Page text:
The tourism hub of the Galapagos, Santa Cruz is close to the Baltra airport and home to the islands’ largest town, Puerto Ayora. Land-based tours will almost certainly spend time here, enjoying a buzzing mix of markets, bars and restaurants. But this is no urban jungle – giant tortoises roam the highlands, the idyllic sands of Tortuga Bay are a short stroll from town and the Charles Darwin Research Centre offers an insight into Galapagos conservation.

Bartolomé Island

At just 1km2, tiny Bartolomé is famed for its population of Galapagos penguins - the only penguins to live north of the Equator - and its other-worldly volcanic rock formations. Climb the cacti-lined board walk for panoramic views across the eastern Galapagos Islands, or swim with the penguins, sea lions and white-tipped reef sharks which play in the wonderfully clear water around the base of Pinnacle Rock.

Española (Hood) Island

Enormous waved albatross line up at tiny Española’s “albatross airport” ready to launch themselves at full pace off its steep cliffs. But gigantic birds aren’t the only highlight of the Galapagos’ most southerly, and oldest, island. Its 4km2 is also home to hordes of red and turquoise-splashed marine iguanas, and the lovely Gardner Bay, a secluded stretch of impossibly white sand where you can snorkel and swim with sea lions.

What does a Galapagos cruise vacation entail?

A typical action-packed week-long itinerary visits a different island each day, with plenty of time built in for swimming or snorkelling, hiking and wildlife watching. You’ll be sleeping and eating on board, but you’ll be spending by far the majority of your time off the ship exploring.
Shore landings are usually made by Zodiac – easily manoeuvrable rigid inflatables which allow you access to some of the Galapagos’ tiniest coves - although sometimes you’ll just be jumping right in off the boat, making good use of the on-board snorkelling equipment. All ships in the Galapagos must carry a qualified naturalist guide, trained and certified by the Galapagos National Park, who will accompany you on your excursions. Some cruises will have other on-board experts too, offering insights into marine biology, ecology and conservation.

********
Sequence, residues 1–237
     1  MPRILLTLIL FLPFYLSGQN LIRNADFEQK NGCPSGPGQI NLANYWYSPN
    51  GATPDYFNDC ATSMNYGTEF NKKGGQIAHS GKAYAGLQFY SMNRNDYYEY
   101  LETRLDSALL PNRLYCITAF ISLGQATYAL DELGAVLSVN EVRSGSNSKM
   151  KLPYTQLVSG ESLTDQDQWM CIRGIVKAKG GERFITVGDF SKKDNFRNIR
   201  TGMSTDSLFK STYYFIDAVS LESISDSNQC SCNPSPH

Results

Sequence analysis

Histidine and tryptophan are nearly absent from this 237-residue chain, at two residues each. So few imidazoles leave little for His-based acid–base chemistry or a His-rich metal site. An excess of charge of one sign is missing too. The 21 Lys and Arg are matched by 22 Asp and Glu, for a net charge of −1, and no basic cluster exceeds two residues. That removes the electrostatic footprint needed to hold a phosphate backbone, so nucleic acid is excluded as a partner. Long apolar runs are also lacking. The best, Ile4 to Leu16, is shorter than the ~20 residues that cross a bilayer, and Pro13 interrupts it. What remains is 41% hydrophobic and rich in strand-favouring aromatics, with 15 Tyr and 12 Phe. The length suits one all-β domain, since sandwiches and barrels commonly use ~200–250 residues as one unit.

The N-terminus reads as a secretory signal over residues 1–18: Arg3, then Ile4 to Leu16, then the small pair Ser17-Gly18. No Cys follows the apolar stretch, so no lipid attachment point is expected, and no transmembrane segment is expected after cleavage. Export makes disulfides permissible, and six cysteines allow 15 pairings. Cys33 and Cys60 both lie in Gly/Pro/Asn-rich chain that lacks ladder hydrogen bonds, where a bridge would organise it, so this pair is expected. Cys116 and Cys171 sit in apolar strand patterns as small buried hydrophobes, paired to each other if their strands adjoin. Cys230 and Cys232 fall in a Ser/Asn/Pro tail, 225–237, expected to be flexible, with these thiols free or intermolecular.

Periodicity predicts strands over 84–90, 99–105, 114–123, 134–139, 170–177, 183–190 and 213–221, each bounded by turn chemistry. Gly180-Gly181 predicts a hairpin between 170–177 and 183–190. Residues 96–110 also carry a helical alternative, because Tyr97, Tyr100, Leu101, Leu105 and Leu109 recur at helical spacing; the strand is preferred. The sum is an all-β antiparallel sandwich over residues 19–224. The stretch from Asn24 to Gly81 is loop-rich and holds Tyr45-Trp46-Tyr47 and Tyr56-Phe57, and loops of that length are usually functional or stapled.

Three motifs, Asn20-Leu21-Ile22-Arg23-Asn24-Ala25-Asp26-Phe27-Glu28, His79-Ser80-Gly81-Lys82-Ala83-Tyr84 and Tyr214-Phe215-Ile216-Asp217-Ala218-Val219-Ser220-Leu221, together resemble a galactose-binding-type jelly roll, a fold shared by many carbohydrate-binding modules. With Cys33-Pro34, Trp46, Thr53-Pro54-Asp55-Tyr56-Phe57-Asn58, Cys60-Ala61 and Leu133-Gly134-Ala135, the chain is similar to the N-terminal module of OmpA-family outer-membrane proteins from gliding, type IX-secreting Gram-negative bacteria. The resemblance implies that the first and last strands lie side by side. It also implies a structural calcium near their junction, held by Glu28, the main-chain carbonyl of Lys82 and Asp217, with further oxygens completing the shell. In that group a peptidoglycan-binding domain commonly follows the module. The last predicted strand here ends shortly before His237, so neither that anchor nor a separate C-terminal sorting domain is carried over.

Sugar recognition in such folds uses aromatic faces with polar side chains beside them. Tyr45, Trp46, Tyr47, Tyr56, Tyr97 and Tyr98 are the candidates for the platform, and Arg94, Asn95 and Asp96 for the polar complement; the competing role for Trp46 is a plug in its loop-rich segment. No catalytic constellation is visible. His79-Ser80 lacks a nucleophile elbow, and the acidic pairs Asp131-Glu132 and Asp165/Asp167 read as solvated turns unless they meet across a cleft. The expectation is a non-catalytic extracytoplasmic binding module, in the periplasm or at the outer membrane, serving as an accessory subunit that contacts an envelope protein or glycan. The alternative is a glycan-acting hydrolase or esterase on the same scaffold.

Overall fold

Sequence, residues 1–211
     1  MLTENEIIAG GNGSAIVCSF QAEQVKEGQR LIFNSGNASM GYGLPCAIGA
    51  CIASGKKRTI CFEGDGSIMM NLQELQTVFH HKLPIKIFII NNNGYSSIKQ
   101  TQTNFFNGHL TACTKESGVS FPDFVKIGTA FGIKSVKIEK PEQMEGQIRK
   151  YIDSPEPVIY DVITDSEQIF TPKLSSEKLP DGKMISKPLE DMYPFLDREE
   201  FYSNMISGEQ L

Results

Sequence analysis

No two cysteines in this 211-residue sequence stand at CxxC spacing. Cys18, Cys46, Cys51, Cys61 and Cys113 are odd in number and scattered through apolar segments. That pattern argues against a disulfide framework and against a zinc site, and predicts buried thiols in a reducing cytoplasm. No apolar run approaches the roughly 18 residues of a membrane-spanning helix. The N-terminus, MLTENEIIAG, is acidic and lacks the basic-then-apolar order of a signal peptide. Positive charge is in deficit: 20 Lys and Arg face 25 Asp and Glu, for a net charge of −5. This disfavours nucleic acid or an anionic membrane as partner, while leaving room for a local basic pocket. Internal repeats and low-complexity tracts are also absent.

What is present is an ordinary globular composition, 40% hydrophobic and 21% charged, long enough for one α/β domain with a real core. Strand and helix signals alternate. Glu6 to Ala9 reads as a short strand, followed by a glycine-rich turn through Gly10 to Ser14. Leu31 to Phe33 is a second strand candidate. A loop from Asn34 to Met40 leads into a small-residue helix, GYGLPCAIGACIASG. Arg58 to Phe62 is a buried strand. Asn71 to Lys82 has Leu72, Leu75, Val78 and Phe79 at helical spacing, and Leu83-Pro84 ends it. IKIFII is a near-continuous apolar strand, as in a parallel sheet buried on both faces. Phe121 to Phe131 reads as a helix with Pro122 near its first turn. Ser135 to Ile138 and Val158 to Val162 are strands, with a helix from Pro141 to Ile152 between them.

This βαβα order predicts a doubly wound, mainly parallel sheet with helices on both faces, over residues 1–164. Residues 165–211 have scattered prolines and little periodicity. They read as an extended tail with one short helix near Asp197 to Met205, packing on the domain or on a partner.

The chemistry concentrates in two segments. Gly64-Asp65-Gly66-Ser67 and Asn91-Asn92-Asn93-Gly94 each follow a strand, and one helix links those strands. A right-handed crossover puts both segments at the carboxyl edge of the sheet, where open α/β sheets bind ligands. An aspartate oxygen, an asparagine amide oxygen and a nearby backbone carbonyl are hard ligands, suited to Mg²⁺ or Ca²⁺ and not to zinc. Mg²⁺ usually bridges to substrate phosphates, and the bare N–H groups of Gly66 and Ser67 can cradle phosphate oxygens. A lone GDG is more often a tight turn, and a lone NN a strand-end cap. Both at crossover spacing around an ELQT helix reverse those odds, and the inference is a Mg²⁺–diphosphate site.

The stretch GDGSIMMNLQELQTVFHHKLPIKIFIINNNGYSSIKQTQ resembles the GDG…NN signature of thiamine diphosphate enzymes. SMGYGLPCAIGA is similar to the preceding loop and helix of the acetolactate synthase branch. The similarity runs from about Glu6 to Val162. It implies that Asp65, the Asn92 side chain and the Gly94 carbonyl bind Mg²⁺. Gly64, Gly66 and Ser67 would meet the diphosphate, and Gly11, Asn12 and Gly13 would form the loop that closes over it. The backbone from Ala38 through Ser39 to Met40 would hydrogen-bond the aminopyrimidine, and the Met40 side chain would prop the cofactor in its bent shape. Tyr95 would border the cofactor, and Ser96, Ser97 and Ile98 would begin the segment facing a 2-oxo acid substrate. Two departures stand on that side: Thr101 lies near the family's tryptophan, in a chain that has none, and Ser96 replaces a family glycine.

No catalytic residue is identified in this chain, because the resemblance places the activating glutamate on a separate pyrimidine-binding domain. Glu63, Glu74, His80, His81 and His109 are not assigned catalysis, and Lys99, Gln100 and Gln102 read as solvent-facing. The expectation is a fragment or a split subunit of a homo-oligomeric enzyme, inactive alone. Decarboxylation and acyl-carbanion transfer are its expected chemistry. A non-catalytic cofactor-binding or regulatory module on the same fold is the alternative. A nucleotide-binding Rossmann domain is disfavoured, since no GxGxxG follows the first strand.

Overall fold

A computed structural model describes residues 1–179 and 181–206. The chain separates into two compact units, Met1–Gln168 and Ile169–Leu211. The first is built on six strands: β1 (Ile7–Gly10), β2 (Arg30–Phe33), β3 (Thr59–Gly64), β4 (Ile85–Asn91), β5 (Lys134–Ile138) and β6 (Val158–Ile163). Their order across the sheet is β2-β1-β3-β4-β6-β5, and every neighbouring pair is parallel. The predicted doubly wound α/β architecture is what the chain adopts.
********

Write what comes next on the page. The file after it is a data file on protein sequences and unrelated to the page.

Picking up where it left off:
The boats themselves range from tiny ships carrying as few as 12 passengers to spacious catamarans – although sun decks, a lounge and dining areas come as standard on all. More luxurious vessels may also offer cabins with private balconies, hot tubs, a library and gourmet dining with extensive wine lists.

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Land-based Galapagos Islands vacations

Often a more affordable alternative to a cruise, Galapagos Islands land-based tours utilise the network of local guesthouses and hotels, markets and restaurants across the inhabited islands of San Cristobal , Santa Cruz, Isabela and Floreana, with day trips out to some of the Galapagos’ more remote, wild islands such as Bartolomé and North Seymour for snorkelling, diving and hiking. With more freedom, and less time cooped up on board a boat, land-based tours are an excellent option for wildlife-loving families.

The other benefit of a land-based tour – avoiding sea-sickness aside – is that your money goes directly to the local people, Galapagueños, who own and run businesses on the islands. Plus of course you’ll have more chance to soak up the local atmosphere once the cruising crowds have dispersed.

Best time to visit the Galapagos Islands

Wildlife in the Galapagos can be seen year-round – so you’ll be guaranteed to find something special whenever you travel. Behaviours vary at different times of year, so if you want to see baby sea lions, witness green turtles laying their eggs or watch blue-footed boobies engage in their charming courtship ritual, you’ll need to choose your travel dates accordingly.
In general, the hot and wet season from December to June is the best time to visit for warmer, calmer seas and good underwater visibility. Showers tend to be short, so you’ll still have ample opportunity to enjoy the beach or your boat’s sun deck. February to April is also breeding and nesting season for many of the Galapagos animals.
The cool, dry season from June to November brings rougher seas, but an abundance of plankton which fuels the islands’ penguins and albatrosses and an explosion of underwater life - a real treat for divers who are happy to brave the colder water.
Written by Sarah Faith
Photo credits: [Page banner: pantxorama] [Top box: Diego Delso] [Giant tortoise: Mike Weston] [Santa Cruz (Tortuga Bay): Diego Delso] [Best time: Hans Stieglitz]